If you have noticed someone close to you changing – perhaps they are more forgetful or not quite themselves - alarm bells can start ringing.

After a quick search online or a chat with family members or friends, you may be left thinking there can be only one cause: Alzheimer’s.

But how do you approach a conversation about dementia when it’s such an emotive topic?

“As we get older, we’re all prone to becoming more forgetful, taking longer to remember certain things, getting distracted more easily or struggling to perform several tasks at once,” says head of knowledge at Alzheimer’s Society, Dr Tim Beanland.

“These are common signs of getting older, but there is still a very sharp distinction between normal ageing and dementia.”

Symptoms that may worry you

“Symptoms of dementia gradually get worse over time,” Beanland explains, “and can appear as memory loss, confusion, needing help with everyday tasks, problems with language and understanding, or changes in behaviour.

"Although symptoms typically occur in people aged 65 and over, they can occasionally appear as early as twenty years sooner.”

You may be scared

Seeing these types of changes is understandably worrying – it’s a reminder of the age and health of those around us.

“Noticing what might be dementia symptoms in a loved one can be distressing and confusing, particularly for people who have never dealt with dementia before,” Beanland says.

“Both parties may feel nervous or worried about how to address the topic of potential dementia symptoms, and may not know where to begin.”

Be open

Beanland suggests asking questions like, ‘How are you feeling lately, physically and emotionally?’ Or ‘Do you have any health worries you’d like to talk about?’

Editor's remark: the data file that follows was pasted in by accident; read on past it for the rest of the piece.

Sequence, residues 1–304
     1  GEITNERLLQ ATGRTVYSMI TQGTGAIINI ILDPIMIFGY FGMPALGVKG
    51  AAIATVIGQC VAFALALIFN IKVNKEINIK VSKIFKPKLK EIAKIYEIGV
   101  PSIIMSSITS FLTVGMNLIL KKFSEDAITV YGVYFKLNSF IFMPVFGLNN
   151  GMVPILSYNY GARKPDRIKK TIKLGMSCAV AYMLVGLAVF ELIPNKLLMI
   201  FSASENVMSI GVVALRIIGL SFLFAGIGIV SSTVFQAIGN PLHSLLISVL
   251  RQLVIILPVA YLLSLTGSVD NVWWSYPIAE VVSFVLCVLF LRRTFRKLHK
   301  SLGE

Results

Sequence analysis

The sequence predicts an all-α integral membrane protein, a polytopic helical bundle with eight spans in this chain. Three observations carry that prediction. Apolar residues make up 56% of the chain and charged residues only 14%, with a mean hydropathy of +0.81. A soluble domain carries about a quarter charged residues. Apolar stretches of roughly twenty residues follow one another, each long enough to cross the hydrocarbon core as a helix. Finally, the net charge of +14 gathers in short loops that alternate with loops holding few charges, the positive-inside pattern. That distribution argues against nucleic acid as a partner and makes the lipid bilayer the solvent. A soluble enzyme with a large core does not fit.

It’s important to remember when approaching someone who may be experiencing dementia symptoms to do so gently, calmly and in a reassuring and supportive manner.

“People experiencing dementia symptoms may find it difficult, or take a bit longer, to find the words they wish to say,” notes Beanland. “So, allowing them extra time, or giving them gentle prompts, can help them find the words they’re looking for, without highlighting they’ve forgotten something.”

Do your research

Dementia or Alzheimer’s may not be the only answer.

It’s important to remember there are other conditions that can cause similar symptoms to dementia, such as thyroid problems or urinary tract infections, says Beanland.

“Try to focus on helping the person see their GP, to find out what is causing the problems they are having. It’s also important to understand that, whether you are experiencing dementia symptoms personally or you’re a concerned loved one, you do not have to face dementia alone. There is support out there for you.

“I’d encourage anyone worried about their own or a loved one’s memory to use Alzheimer’s Society’s symptoms checklist. It will help to unlock the vital care and support you need, and give you the precious time needed with your family to plan for the future.”